This. May. Make. You. Throw. Up.

Quote:

Reince PriebusVerified account
‏@Reince
Today @gop commemerates the 51st anniversary of the #VotingRights Act http://gop.cm/PTVPrq
Every American has #Right2Vote #VRA
Posted by marble falls | Sun Aug 7, 2016, 08:55 AM (8 replies)

Trump’s slander of Captain Khan’s family is horrifying, even for Trump

Putin Logic







Posted by marble falls | Fri Jul 1, 2016, 08:07 AM (0 replies)

Democratic Senator Caught On Video With $70,000 In Drug Money




Democratic Senator Caught On Video With $70,000 In Drug Money
It’ll probably give him a bump in the polls back in Oregon. (Note: Please read this story before putting it on Facebook.)
06/30/2016 07:53 am ET

Ryan Grim Washington bureau chief for The Huffington Post

Sen. Jeff Merkley (D-Ore.), a high-profile supporter of Bernie Sanders’ presidential campaign, has been caught on video with $70,000 in drug money. The footage, provided exclusively to The Huffington Post, also captures Rep. Earl Blumenauer, another Oregon Democrat, as well as a prominent local businessman, Tyson Haworth.

The video, however, was not a sting operation run by the Drug Enforcement Administration or FBI. Instead, it’s an effort to highlight a gaping and dangerous hole in national cannabis policy, if such a thing even exists.

Under federal law, marijuana is a Schedule I controlled substance, meaning it is deemed to be highly dangerous with zero medical benefit. Even in states that have legalized cannabis, such as Oregon, possessing it remains a federal crime, as is possessing any revenue derived from dealings related to it.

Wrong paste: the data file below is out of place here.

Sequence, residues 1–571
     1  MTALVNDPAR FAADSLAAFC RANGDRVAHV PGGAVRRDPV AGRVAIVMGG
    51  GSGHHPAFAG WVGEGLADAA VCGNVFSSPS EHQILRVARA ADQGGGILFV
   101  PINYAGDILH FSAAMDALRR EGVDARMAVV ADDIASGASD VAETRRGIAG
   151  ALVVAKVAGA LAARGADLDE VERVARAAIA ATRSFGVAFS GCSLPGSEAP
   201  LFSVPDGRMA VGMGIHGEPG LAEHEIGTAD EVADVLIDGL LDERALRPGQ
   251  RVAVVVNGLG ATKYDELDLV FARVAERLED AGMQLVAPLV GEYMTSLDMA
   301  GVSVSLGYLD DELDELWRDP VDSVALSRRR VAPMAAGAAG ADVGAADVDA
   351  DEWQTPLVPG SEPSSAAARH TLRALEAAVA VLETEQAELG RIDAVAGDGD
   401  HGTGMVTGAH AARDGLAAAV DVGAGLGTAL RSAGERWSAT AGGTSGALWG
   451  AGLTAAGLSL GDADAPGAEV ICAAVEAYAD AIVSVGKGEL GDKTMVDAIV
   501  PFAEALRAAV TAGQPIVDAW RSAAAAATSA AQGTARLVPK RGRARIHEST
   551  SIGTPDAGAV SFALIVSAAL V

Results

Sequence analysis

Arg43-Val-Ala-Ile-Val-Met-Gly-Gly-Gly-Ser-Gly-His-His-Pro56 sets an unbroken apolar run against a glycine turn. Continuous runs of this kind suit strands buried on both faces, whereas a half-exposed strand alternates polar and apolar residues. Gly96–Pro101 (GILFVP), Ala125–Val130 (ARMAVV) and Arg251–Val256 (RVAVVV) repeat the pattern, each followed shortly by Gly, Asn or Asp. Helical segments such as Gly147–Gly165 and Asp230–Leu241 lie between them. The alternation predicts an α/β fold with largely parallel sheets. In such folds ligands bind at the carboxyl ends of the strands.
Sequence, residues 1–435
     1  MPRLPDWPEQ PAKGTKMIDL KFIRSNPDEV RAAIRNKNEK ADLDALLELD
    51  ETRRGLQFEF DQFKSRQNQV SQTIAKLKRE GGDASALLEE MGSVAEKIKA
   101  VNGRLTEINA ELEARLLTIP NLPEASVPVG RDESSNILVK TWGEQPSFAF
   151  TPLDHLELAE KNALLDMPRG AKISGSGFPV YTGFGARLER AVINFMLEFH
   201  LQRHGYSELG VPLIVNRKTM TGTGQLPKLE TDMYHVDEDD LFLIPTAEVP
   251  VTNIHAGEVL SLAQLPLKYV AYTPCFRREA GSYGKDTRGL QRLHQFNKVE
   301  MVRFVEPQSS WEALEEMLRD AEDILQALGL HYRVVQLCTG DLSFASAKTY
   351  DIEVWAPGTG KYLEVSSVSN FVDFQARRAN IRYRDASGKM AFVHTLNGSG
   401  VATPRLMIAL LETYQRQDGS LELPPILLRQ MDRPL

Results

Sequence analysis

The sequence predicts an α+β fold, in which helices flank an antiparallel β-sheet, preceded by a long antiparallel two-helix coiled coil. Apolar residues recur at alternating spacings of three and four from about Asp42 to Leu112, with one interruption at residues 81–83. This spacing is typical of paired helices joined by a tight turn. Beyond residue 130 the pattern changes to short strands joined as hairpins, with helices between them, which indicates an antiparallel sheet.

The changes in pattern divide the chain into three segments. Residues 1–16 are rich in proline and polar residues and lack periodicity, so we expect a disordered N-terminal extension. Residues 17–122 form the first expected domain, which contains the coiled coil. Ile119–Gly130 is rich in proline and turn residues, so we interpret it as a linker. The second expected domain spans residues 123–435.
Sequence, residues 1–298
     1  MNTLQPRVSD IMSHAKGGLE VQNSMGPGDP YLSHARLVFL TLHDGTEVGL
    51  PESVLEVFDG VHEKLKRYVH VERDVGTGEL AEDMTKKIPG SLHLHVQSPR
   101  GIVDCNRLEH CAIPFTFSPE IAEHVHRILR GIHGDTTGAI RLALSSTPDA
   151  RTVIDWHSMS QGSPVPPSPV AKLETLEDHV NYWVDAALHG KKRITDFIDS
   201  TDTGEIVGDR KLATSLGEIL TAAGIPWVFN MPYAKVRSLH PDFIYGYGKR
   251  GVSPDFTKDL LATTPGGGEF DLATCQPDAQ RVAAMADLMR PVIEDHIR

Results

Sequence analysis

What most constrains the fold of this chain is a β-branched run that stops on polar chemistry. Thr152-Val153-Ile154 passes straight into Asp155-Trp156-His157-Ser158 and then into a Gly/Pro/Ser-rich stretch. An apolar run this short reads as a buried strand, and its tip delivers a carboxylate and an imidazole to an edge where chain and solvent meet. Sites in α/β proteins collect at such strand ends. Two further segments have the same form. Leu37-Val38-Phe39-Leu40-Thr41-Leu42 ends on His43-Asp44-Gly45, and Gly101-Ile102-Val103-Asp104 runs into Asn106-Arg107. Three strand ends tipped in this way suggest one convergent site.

That puts businesspeople like Tyson Haworth, an owner of Oregon’s Finest and sofresh farms, in tricky territory on a number of fronts. The most glaring danger, highlighted by the video, is that $70,000 in cash sitting on the table in front of Merkley, Haworth and Blumenauer. It’s money that Haworth owes in local taxes, but he can’t cut a check, because banks can’t legally work with drug dealers. Banks tend to take that law seriously when rejecting mom-and-pop pot shops, but somehow manage to look the other way for Mexican drug cartels that funnel billions through those same banks.
crimsonandclovermedia.com

<snip>

Are you three not letting us see you sweat, or has the transition really, really gone well?

Its been painless for us.